At the Olde Cheshire Cheese just off Fleet Street, is a very old pub. It is also deceptive. The bar you walk into is tiny, but it has many more floors below. It was apparently destroyed or damaged during the Great Fire of London but some parts of the pub are meant to be older. We discovered this when we went down the stairs. Patrick and I arrived early so we could grab a table and cider and beer! Patrick had worked up a considerable thirst and as much as I love walking the streets of London my feet needed a break. We table hopped until we had just about enough room for us all. Claire arrived and then the others came along. About a dozen all up. Some people I met before and some I didn’t. I took a few shots. Newly weds. A couple planning to migrate to NZ. An ex Aussie and her British beau, who drew me a dragon! Julie was unwell unfortunately so she didn’t end up joining us. I was staying over with Patrick and Julie so I was hopefully going to see her again. She picked us up from the train station so yay!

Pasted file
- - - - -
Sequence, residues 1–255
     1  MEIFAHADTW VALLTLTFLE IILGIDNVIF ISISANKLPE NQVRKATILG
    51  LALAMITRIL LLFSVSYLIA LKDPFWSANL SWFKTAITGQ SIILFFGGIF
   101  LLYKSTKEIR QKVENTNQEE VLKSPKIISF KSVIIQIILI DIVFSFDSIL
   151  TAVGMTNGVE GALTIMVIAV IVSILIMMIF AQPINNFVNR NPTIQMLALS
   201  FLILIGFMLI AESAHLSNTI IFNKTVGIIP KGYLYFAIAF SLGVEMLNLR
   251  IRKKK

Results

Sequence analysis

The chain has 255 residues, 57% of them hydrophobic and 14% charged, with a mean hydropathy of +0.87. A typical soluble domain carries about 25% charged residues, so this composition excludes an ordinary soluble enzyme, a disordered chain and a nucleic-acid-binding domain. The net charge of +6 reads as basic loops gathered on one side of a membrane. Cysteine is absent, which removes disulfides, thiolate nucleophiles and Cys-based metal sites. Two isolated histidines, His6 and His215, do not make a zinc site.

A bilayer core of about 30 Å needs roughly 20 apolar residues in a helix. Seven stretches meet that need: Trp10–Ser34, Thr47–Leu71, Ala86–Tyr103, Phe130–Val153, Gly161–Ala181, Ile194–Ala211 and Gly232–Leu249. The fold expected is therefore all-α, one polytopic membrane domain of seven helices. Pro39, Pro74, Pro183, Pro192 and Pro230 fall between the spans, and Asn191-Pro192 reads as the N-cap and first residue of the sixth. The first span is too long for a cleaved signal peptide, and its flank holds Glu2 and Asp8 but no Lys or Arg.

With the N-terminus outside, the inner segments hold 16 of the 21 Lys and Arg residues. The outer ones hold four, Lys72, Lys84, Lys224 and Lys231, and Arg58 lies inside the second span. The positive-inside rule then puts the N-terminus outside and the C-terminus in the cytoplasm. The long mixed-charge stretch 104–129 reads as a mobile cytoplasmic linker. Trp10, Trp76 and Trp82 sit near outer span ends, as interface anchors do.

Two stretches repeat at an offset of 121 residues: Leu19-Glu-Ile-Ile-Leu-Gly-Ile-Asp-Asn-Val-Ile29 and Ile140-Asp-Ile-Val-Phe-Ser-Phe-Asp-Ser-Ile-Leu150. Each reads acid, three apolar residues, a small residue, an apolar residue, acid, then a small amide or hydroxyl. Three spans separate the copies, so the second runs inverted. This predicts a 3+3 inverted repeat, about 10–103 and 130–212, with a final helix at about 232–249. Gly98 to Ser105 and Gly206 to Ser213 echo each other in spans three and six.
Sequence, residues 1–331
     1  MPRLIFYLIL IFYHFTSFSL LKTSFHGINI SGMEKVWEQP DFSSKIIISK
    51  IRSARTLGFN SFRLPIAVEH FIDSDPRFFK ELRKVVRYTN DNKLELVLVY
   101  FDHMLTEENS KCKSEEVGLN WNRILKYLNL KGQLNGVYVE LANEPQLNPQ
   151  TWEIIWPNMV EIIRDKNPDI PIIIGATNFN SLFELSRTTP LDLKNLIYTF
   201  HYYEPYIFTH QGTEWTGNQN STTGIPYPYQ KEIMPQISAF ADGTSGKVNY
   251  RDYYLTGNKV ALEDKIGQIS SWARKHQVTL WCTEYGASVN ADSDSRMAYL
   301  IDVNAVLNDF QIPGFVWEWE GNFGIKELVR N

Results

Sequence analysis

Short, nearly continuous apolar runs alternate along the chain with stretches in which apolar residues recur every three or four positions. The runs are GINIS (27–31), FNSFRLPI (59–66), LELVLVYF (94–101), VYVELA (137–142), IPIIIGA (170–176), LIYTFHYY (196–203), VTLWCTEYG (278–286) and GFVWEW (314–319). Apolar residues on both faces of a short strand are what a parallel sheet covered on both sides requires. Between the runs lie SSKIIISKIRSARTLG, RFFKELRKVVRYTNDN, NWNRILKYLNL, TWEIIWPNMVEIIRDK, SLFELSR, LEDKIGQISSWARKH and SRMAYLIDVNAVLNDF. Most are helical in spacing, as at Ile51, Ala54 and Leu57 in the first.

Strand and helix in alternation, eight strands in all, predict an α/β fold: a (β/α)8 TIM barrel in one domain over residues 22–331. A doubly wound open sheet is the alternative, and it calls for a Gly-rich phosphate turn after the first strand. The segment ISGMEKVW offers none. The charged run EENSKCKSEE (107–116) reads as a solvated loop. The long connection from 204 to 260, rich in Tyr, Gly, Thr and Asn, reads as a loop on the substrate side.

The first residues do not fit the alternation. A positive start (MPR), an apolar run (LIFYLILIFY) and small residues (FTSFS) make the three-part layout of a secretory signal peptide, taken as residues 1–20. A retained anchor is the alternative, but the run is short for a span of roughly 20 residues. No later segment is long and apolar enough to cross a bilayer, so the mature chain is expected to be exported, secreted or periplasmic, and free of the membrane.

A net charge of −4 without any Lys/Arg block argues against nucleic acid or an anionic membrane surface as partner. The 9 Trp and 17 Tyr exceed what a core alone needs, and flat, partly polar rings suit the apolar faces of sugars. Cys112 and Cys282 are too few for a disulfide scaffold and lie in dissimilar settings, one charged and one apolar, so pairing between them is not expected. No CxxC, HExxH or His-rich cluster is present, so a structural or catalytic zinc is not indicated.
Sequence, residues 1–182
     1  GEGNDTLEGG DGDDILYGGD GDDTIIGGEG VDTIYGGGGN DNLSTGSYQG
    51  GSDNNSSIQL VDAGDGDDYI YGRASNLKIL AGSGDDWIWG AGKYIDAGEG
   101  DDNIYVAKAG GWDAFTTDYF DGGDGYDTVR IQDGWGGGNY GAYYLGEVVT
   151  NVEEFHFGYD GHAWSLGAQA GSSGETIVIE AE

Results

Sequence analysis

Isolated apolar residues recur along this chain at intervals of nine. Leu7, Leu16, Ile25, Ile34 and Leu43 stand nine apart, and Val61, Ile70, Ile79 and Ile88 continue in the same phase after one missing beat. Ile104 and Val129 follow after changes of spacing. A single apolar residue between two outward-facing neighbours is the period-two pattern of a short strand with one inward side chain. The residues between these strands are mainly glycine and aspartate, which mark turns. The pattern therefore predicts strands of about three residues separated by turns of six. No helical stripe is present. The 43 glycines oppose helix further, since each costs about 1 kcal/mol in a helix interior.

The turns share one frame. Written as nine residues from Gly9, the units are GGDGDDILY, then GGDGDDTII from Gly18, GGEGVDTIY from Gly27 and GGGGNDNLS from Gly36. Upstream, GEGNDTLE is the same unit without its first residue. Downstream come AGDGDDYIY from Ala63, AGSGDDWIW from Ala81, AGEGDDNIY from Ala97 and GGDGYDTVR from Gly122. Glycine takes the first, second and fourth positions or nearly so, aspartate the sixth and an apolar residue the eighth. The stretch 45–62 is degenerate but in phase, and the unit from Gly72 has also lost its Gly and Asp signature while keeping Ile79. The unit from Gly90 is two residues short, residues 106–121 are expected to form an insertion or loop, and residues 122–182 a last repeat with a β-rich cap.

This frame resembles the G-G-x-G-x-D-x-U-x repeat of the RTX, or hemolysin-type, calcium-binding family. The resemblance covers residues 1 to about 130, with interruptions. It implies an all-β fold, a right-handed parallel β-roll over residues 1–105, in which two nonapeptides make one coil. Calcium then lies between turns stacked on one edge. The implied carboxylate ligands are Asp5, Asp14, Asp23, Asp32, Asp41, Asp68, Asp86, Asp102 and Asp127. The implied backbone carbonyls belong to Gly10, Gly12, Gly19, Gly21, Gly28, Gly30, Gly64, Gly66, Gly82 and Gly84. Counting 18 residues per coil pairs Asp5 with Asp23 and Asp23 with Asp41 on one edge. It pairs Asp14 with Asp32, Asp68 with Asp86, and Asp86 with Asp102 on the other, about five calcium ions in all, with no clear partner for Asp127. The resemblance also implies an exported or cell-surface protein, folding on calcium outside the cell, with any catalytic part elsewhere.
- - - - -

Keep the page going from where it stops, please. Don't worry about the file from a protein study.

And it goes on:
Caroline, her husband whose name escapes me! and so on. And there we were emerging at night to catch the train.

It was lovely to have them all come for a meet up with me, the GUFF delegate. I can’t thank Patrick enough and all the gang who came along. It meant a lot to me. Food was good too.

I took the train with Patrick to his local station and Julie collected us. I was introduced to the cats and then went up to the top floor to the guest bedroom. This was such a comfortable bed. It was so comfortable that I didn’t get up to say goodbye to Julie. Such bad form. I did get up to go get breakfast with Patrick in town and then to catch a train to my cousin, Christine. I left a little present. When I saw Patrick and Julie’s place I knew my present to them would fit right in. A stuffed wombat. My last! Patrick took a photo and sent it to Julie and she loved it too. I was so pleased.